Patrick Kane’s streak is over, but ours is just still going strong. It’s time for another installment of The Comeback’s weekly hockey mailbag!
1. What are your thoughts on the hideous Pacific Division? It might get two teams into the playoffs with 80 points while two teams in the Central miss with 90 points. Should the NHL change the playoff format?
I remember when the NHL announced the league was bagging the six-division format and returning to the four-division setup you see today. It harkened back to my Patrick, Adams, Smythe and Norris days. I could not wait for it. As you may know, anything that existed when you were young is better than the new things of today.
But it turned out it wasn’t going to be like old times, because of the imbalance in the conferences. Suddenly, the NHL foisted wild cards upon us. I’ve never been subjected to it, but I imagine this is how people are tricked into going somewhere only to be locked in a room for hours while a guy tries to sell you a time-share condo in Ft. Lauderdale. “Yeah, yeah, the top four teams in each division make the playoffs, although, if you come with me, I can give you a great rate on one week at Wild Card Beach Towers in mid-February for a great price.”
Meanwhile, people are whining that the Oilers are getting too many No. 1 picks, not that they could theoretically be a sub-.500 playoff team. The NHL wants to be a big-time league like the NFL so maybe they’re excited about having their own version of 7-9 teams making the postseason.
Just go top eight. Fans don’t care about these divisions, especially when some matchups only happen four times a season to accommodate playing everyone in the other conference at least twice. Raise your hand if when you go to check the standings, you click right on the wild card standings and totally ignore the division standings. If you didn’t raise your hand, what are you doing?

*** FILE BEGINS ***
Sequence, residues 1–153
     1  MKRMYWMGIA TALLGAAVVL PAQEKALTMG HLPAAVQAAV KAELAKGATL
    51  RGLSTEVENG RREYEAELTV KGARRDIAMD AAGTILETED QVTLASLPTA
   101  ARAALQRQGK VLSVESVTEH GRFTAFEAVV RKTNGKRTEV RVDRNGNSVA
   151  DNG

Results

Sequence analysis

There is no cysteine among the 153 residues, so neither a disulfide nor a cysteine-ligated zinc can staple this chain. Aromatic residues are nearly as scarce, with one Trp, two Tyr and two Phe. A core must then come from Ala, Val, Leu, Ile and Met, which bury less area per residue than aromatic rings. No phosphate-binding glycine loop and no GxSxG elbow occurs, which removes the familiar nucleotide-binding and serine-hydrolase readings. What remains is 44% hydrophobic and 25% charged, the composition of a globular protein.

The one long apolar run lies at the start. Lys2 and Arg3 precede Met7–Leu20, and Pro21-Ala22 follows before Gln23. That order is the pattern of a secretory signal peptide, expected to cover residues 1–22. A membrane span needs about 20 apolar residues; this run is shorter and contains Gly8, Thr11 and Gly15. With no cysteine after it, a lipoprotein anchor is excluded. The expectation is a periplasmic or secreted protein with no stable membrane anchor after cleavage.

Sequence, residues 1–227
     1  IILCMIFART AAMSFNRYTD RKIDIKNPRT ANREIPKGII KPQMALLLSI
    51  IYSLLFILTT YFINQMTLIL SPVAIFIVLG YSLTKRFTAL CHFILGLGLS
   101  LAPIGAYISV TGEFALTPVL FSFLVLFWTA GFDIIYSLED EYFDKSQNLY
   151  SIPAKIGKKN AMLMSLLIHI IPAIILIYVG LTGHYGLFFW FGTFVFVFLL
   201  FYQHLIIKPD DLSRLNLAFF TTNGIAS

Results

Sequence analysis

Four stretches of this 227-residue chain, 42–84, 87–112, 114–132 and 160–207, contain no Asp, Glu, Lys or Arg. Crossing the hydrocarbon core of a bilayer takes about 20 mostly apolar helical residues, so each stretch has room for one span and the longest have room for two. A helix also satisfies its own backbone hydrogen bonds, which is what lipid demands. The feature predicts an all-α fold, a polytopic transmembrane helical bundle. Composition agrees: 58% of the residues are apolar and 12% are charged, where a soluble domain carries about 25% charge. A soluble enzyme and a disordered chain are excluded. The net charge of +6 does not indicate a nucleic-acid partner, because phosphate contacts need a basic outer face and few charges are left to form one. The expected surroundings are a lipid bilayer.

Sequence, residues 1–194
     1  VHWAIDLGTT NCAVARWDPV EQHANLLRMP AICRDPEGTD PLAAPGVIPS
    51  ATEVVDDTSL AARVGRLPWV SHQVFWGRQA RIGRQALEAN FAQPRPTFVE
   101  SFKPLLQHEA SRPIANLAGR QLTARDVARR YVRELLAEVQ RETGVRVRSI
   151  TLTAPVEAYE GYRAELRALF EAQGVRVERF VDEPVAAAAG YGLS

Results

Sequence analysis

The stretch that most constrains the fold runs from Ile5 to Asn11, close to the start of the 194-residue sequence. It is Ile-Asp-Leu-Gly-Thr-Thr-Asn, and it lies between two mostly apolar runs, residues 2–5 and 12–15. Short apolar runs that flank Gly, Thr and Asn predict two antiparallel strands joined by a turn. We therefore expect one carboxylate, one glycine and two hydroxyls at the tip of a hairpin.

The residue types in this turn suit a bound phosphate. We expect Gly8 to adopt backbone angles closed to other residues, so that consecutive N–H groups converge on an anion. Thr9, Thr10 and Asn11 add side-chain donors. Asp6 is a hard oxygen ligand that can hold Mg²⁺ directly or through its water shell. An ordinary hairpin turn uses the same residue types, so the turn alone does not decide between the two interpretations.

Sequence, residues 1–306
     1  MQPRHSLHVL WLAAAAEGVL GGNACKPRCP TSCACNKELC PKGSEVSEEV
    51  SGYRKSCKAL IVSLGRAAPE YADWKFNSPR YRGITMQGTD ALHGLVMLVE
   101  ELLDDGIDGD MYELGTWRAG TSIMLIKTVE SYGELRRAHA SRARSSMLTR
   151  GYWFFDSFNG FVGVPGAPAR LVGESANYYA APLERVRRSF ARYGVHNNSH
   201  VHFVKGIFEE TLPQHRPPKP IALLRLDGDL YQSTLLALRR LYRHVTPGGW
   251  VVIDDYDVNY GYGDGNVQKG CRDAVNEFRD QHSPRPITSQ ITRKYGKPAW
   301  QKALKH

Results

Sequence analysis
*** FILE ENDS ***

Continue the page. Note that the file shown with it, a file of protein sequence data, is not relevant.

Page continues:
2. Did you see the story about the contract demands of all the Jets free agents? Who would you re-sign and who would you let walk? Also: Would you trade them at the deadline if the Jets are out of it?
The Jets probably will be one of the Central teams screwed out of a playoff spot by a crummy Pacific team, so GM Kevin Cheveldayoff will have a tough decision if his team is selling at the deadline.
The easiest decisions are letting Dustin Byfuglien go and re-signing Jacob Trouba, no matter the team’s situation. Byfuglien is very good, but he’s a heavy-set man turning 31 in March. Someone will overpay him in July and it shouldn’t be the Jets. Trouba is 21 and an RFA, so the Jets will low-ball him a bit, as the CBA demands. He’s very good and you can’t let that type of asset go.
The issue is Andrew Ladd. He’s your 30-year-old captain who is good for 50-to-60 points per season. He reportedly wants six years and a shade less than $7 million per season, which is a boatload for a player of his age and caliber. Yeah, he’s your captain, but he’s captain of a ship that has never gotten more than 40 feet from the dock and when it did, it immediately sank.
I’d pay Ladd. See if he’ll take five years and $30 million. He’s worth it. Plus, the Jets pack their building now, but if you do too much selling in what could be another season devoid of playoffs, you run the risk of pissing off your fans. You don’t want to sign a guy just because of that, but Ladd is should be worth that deal over five years.